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From Main Street shops to Wall Street boardrooms, the American business community is becoming increasingly diverse, with an ever-growing focus on inclusion, equality and social responsibility. We see this evolution taking places across every industry – in particular, the rise of women in leadership positions across all sectors of business and the economy.
On August 26th, Americans celebrate Women’s Equality Day, which marks the adoption of our 19th Constitutional Amendment in 1920. The amendment granted the right of all to vote, regardless of sex, a turning point in the fight for gender equality. Since Richard Nixon, every U.S. president has supported the celebration of Women’s Equality Day to honor the strides and achievements by advocates of equality.
In honor of the day, the U.S. Chamber of Commerce reflects on the progress that has been made for equality in the workplace and highlights the rise of women in business leadership.
The rise of women in the Fortune 500
Over the years, the face of business has changed. In 1973, Katharine Graham became the first female CEO of a Fortune 500 company, The Washington Post Company. Nearly a half century later, the rise of women in business is surging, and the focus on inclusivity and diversity in the workplace and business leadership has been rising.
The S&P 500 recently made a record achievement in advancing the status of women. As of July, women now have a seat at every S&P 500 company’s table. This comes just seven years after approximately 12.5% of company boards within the S&P were all male, according to Equilar. Today, women occupy 27% of all S&P 500 board seats, according to ISS Analytics. Navient, an asset management group in Wilmington, Delaware, has the highest percentage of female board members at 58.2%.
This evolution is also occurring in Fortune 500 companies. The latest Fortune 500 list revealed that 33 companies have female CEOs, an all-time high. Considering there were only 24 female CEOs in the Fortune 500 last year, this is a considerable uptick.
The rise of women-owned small businesses
But perhaps the growth of women in business is most represented in the small business sector.
A 2018 report by the SCORE Association revealed women-owned enterprises grew by 45% (five times faster than the national average) from 2007 to 2016. In fact, the fastest growing subset of startups are those owned and operated by women. Women-owned small businesses made up 39% of the U.S.’s 28 million small businesses in 2018.
Women-led small business owners are increasingly upbeat on the economy, too. Bucking a previous trend, female-owned businesses have closed a persistent gender gap in economic optimism, with 58% now characterizing the economy as in good health, nearly the same as male small business owners (59%), according to the latest MetLife & U.S. Chamber of Commerce Small Business Index. Over the past 15 years, women-owned businesses grew 1.5 times faster than other small business. This growth has a significant impact on job creation for American workers. One recent report found that there are 9.1 million women-owned businesses across the U.S. that employ 7.9 million people. These businesses generate a total of $1.4 trillion in sales, according to the National Association of Women Business Owners.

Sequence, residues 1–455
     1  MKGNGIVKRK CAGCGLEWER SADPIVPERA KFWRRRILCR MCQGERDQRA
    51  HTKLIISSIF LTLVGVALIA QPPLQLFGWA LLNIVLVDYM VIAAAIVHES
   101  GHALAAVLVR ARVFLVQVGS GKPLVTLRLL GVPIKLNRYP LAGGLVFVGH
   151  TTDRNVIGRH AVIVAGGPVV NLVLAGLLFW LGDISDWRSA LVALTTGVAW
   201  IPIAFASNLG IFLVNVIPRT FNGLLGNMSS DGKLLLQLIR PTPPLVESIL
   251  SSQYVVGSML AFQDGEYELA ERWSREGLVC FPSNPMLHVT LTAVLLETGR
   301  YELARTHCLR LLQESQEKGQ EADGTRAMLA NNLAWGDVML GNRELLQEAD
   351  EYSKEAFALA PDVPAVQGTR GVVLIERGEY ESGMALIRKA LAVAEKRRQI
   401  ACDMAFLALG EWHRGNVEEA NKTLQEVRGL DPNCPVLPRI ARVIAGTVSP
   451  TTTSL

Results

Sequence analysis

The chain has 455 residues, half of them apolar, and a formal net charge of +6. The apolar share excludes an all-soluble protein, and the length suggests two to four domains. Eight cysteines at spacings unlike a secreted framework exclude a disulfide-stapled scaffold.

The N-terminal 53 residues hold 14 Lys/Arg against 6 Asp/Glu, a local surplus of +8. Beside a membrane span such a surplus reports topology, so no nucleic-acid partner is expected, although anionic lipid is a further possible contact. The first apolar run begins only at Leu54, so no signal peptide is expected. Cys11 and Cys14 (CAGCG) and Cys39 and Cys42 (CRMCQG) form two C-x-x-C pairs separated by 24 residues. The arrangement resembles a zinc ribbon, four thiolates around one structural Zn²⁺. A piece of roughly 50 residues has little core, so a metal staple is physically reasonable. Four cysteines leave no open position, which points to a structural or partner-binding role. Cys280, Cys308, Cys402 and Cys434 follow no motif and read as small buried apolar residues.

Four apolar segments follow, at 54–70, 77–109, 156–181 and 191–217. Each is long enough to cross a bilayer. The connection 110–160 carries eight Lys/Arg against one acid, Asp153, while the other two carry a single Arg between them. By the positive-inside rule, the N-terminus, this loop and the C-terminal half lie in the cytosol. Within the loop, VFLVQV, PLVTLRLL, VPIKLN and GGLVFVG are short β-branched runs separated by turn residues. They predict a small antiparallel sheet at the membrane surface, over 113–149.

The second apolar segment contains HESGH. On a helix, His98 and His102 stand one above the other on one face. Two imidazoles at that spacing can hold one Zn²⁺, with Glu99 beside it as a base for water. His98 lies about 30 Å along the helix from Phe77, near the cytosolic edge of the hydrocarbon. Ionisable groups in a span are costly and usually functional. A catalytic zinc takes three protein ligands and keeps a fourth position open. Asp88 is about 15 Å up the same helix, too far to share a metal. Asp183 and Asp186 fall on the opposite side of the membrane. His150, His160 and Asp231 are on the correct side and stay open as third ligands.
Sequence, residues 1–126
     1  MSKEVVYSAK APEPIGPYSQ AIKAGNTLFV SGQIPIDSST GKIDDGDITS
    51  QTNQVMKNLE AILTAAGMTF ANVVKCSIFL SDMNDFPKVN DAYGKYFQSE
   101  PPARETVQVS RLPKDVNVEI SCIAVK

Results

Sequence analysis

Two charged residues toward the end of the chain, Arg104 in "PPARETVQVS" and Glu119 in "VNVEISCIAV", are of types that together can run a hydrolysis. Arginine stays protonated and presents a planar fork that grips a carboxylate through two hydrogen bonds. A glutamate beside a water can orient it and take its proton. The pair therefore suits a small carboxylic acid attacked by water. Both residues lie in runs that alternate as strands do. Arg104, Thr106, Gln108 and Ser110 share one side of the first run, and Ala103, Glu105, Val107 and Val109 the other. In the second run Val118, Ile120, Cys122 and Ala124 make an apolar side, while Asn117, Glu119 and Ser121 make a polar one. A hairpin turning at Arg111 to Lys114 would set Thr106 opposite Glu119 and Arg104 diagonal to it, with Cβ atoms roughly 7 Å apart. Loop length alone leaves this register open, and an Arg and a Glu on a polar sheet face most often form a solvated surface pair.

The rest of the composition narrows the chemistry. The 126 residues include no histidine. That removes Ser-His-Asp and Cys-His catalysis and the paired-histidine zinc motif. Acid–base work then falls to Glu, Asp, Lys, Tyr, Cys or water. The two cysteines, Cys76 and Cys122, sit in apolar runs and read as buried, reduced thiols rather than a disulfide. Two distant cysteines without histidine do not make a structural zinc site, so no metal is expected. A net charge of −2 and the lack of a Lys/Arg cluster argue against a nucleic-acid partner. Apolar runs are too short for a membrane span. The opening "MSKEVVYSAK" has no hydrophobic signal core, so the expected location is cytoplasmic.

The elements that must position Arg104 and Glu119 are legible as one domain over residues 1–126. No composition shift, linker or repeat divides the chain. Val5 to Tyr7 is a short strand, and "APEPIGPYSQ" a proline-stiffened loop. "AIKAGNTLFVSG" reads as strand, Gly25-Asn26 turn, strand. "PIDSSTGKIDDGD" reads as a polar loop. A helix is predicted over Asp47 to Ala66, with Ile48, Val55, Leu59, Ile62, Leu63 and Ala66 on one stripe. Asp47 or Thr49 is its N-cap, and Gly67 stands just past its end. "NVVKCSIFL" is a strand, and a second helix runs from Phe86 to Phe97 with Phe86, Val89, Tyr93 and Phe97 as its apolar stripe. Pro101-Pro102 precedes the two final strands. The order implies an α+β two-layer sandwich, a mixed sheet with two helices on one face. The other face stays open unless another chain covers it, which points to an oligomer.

The importance of diversity and equality in the workplace
The rise of women-owned businesses and women in leadership for some of the largest U.S. companies is representative of a growing focus on equality and diversity in the workplace, which has been shown to help businesses grow by bringing a variety of perspectives to the table.
Deloitte’s latest 2019 Global Human Capital Trends report revealed the need for new competencies required in company leadership, including an understanding of changing demographics and employee expectations. Deloitte polled various CEOs about their most important measure of success in 2019, and the study revealed that the top issue cited was “impact on society, including income equality, diversity, and the environment.”
The U.S. Chamber of Commerce has emphasized the importance of equality, diversity, and inclusion in the workplace. Last year, the U.S. Chamber teamed up with RSM US LLP to produce a special report on social responsibility, diversity and inclusion in middle-market companies. The analysis revealed that 88% of middle market companies are focused on diversity and inclusion, reflecting the importance that middle market business leaders place on corporate social responsibility (CSR).
In addition, the U.S. Chamber earlier this year hosted the 2019 International Women’s Day Forum, which brought together women in leading roles throughout government and industry, including former SBA Administrator Linda McMahon, actress and singer Keke Palmer, among others.
In February, we sent a letter to Congress supporting the Improving Corporate Governance Through Diversity Act of 2019 as well as The Equality Act, which prohibits discrimination in the workplace and in commerce on the basis of sexual orientation or gender identity. Through these initiatives and many more, the U.S. Chamber strives to improve gender equality throughout the U.S. business community.
Women’s Equality Day should serve as a reminder of our success so far and should stand as an inspiration to keep moving forward.